Quick quiz: Heard about the Mendoza vs. Horton runoff?

19 Feb

Susana Mendoza (left) and Patricia Horton (right) are vying to be Chicago's first female city clerk.

This may come as a shock to many voters when they get their ballots Tuesday, but, in addition to the race for mayor and their aldermanic race, there are two other citywide offices to be determined: Chicago City Clerk and City Treasurer.

The race for clerk, which is he office mayoral candidate Miguel del Valle’s is vacating, is a contest between two women: Susana Mendoza and Patricia Horton. Very little attention has been focused on this runoff and here are 10 things you may or may not know about it:

1. No matter who wins, this will be the first time Chicago will have a woman as city clerk.

2. The clerk’s office has a $9 million annual budget and currently 96 employees. The responsibilities include selling city vehicle stickers, parking permits and maintaining city council records.

3. Two of the last three city clerks, Walter Kozubowski and James Laski, were convicted of crimes in office and served time in Federal prisons.

4. Horton, 55, an ordained pastor, is a single mother of four children. Mendoza, 38, is single and lives in the Mexican neighborhood of Little Village on the southwest side.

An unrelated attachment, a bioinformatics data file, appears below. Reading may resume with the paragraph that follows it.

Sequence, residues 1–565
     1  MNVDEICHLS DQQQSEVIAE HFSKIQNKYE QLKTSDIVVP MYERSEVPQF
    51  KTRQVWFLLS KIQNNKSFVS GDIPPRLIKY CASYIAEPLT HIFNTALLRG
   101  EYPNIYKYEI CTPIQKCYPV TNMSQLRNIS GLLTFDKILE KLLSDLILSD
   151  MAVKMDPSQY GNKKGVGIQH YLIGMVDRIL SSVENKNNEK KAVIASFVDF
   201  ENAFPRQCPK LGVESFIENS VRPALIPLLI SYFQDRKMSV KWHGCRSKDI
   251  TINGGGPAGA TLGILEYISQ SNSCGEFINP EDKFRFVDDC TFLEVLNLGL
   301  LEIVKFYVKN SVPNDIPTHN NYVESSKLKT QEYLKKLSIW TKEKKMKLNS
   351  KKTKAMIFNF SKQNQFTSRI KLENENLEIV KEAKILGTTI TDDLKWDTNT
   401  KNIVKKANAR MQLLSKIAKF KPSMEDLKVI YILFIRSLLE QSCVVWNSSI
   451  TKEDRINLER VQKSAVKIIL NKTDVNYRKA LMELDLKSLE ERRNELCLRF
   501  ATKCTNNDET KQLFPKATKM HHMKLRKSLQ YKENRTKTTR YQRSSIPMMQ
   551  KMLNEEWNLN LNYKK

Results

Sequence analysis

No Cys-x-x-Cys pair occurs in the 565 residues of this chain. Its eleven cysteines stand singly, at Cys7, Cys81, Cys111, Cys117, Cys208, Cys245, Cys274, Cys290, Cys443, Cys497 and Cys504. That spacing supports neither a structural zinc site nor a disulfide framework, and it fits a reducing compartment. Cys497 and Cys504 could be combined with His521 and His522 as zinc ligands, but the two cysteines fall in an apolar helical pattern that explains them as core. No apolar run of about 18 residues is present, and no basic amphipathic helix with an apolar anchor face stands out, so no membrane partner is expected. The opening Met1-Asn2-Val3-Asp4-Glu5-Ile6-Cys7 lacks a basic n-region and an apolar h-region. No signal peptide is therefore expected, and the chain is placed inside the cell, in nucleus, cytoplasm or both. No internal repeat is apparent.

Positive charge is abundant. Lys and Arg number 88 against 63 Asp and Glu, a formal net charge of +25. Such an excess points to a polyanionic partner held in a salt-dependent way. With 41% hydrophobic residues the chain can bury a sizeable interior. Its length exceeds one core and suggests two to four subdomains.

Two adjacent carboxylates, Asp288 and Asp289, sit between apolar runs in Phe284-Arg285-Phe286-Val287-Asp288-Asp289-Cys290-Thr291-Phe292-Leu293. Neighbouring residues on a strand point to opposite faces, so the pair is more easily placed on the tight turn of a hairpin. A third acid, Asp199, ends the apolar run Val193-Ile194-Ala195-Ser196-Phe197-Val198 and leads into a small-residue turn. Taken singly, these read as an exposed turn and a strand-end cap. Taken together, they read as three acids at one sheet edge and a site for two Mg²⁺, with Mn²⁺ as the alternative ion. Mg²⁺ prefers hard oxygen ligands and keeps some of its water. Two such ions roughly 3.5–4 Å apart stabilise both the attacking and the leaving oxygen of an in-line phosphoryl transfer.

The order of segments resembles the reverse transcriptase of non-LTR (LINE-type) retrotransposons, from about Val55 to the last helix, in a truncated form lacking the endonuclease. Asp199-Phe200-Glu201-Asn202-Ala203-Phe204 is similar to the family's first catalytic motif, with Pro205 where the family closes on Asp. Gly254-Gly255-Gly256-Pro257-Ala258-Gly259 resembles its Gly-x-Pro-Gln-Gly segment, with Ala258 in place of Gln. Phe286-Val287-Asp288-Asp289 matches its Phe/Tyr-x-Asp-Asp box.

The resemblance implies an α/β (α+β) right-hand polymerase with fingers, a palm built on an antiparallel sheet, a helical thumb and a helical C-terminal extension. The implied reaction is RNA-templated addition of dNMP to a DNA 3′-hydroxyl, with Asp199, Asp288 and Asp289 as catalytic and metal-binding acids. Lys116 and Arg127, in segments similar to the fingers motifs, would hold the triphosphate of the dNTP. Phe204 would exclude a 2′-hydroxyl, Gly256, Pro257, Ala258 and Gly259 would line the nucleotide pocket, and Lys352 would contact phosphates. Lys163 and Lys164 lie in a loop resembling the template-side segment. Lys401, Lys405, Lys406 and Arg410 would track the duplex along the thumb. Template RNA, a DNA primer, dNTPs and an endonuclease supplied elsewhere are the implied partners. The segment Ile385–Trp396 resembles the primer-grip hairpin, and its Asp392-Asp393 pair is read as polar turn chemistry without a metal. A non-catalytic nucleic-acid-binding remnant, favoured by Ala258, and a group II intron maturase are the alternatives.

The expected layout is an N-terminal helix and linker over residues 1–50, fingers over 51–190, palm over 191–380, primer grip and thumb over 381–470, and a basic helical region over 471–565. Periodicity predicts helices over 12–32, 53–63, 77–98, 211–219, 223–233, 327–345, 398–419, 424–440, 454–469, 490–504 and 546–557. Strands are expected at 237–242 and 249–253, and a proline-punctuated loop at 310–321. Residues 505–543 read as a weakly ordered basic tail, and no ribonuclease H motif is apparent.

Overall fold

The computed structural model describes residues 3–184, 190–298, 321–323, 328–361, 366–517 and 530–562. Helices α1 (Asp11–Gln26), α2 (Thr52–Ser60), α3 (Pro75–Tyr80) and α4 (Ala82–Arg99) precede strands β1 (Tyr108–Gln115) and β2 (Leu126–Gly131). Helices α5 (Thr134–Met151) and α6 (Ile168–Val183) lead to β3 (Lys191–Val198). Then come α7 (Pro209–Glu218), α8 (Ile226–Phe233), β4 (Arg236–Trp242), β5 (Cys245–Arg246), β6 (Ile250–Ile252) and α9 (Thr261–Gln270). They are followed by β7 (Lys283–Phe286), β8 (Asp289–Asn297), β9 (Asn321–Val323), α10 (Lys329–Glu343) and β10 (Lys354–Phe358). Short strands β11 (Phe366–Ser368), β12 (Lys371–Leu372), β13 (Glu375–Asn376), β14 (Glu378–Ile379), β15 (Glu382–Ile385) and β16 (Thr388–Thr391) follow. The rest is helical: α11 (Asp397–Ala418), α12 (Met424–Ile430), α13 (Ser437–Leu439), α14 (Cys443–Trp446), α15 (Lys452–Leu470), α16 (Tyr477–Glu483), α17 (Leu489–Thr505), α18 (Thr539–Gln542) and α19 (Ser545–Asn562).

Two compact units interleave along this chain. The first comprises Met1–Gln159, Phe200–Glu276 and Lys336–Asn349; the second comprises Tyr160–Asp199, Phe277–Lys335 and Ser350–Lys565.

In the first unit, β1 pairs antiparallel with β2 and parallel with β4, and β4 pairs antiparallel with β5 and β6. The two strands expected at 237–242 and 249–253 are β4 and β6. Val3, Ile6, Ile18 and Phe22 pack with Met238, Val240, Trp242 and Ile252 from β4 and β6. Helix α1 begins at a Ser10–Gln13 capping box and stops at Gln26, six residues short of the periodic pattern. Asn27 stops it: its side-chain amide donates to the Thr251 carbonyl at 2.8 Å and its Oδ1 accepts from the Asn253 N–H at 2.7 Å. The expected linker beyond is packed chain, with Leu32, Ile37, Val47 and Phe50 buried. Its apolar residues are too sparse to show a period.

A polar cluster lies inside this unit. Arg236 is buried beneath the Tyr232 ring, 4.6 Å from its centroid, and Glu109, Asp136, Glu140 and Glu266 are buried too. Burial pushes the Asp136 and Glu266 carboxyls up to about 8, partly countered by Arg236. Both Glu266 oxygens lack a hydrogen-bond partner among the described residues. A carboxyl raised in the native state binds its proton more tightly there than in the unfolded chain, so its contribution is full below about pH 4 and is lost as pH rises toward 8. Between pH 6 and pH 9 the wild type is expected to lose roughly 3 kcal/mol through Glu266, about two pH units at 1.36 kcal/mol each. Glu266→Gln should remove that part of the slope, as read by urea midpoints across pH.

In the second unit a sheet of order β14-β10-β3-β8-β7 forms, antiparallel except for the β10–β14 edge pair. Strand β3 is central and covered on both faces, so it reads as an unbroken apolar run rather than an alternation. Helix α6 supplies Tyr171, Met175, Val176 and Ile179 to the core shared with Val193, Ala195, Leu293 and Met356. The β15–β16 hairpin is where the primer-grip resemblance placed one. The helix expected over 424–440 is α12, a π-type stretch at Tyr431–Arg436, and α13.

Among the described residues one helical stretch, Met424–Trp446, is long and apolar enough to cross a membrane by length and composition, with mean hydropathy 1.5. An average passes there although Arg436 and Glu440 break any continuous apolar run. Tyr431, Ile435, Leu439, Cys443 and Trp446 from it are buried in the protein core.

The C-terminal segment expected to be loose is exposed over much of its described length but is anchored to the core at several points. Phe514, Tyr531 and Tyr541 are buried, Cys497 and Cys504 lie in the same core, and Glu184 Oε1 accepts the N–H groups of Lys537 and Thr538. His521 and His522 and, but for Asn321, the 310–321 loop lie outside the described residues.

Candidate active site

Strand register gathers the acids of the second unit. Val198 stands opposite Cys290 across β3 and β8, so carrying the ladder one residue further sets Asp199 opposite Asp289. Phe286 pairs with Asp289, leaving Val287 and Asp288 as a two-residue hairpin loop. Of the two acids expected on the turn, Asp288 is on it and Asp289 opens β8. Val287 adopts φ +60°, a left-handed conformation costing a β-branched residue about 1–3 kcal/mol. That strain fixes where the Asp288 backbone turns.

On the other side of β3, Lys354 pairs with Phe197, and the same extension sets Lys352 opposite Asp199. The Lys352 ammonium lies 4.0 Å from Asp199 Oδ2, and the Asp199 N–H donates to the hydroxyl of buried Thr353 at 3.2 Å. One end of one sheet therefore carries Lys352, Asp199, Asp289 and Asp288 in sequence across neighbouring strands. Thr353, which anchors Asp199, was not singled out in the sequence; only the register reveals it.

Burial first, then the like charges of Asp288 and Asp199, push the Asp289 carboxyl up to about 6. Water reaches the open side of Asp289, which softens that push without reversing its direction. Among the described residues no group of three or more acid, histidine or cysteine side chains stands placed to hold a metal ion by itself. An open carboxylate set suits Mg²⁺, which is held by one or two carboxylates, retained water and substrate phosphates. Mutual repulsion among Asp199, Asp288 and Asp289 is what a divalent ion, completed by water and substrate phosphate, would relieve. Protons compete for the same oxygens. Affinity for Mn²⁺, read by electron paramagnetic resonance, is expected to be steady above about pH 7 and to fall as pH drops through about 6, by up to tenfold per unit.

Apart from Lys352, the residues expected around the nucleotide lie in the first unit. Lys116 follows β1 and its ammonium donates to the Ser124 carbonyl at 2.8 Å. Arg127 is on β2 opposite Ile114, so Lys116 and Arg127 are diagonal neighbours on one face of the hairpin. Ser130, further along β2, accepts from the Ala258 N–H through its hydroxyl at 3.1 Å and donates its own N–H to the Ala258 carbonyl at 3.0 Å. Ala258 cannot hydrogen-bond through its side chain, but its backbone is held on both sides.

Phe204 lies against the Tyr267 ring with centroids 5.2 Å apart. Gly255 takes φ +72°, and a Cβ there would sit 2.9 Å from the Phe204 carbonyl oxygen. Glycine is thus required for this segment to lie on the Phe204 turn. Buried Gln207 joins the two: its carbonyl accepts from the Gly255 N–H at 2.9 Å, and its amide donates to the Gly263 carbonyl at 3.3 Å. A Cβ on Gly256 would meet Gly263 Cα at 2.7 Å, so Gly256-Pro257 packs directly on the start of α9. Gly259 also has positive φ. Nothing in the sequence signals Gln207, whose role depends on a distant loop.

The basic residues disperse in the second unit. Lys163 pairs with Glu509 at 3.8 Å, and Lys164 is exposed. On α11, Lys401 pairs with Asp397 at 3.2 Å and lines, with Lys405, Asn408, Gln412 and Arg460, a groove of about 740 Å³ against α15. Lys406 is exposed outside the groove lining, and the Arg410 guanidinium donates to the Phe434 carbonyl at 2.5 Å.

5. Mendoza is seen as the frontrunner. She has the support, or endorsements, of U.S. Sen. Dick Durbin, Ald. Edward Burke, Ill. House Speaker Michael Madigan, Ill. Attorney General Lisa Madigan, Ill. Secretary of State Jesse White, Cook County Commissioner John Daley and Chicago Federation of Labor.

6. Horton was elected a Commissioner of the Metropolitan Water Reclamation of Greater Chicago in 2006. Notable support comes from U.S. Rep. Danny Davis, U.S. Rep. Jesse Jackson Jr., Cook County Clerk Dorothy Brown and State Sen. Rickey Hendon.

7. Mendoza, 38, was recently elected to her sixth term as a state representative of Illinois’ 1st district, but did not resign to run for clerk and will keep her legislative job if unsuccessful Tuesday. In Springfield, she voted for the individual income tax hike in January.

8. Horton wants to reduce the vehicle sticker price to $20 to $25. She thinks that this will encourage people to purchase stickers and get more people registered in Chicago.

9. Mendoza says that the city clerk’s office may raise revenue by selling ad space on the back of city stickers. She estimated the move could bring in as much as $15 million per year.

10. Mendoza wants to employ Twitter and other social media to let voters better see city council ordinances and amendments when they are filed. Horton wants to work with Chicago Public Schools to get the names of all Chicago children in an Amber Alert database held by the clerk; and post city contracts and change-order requests online.

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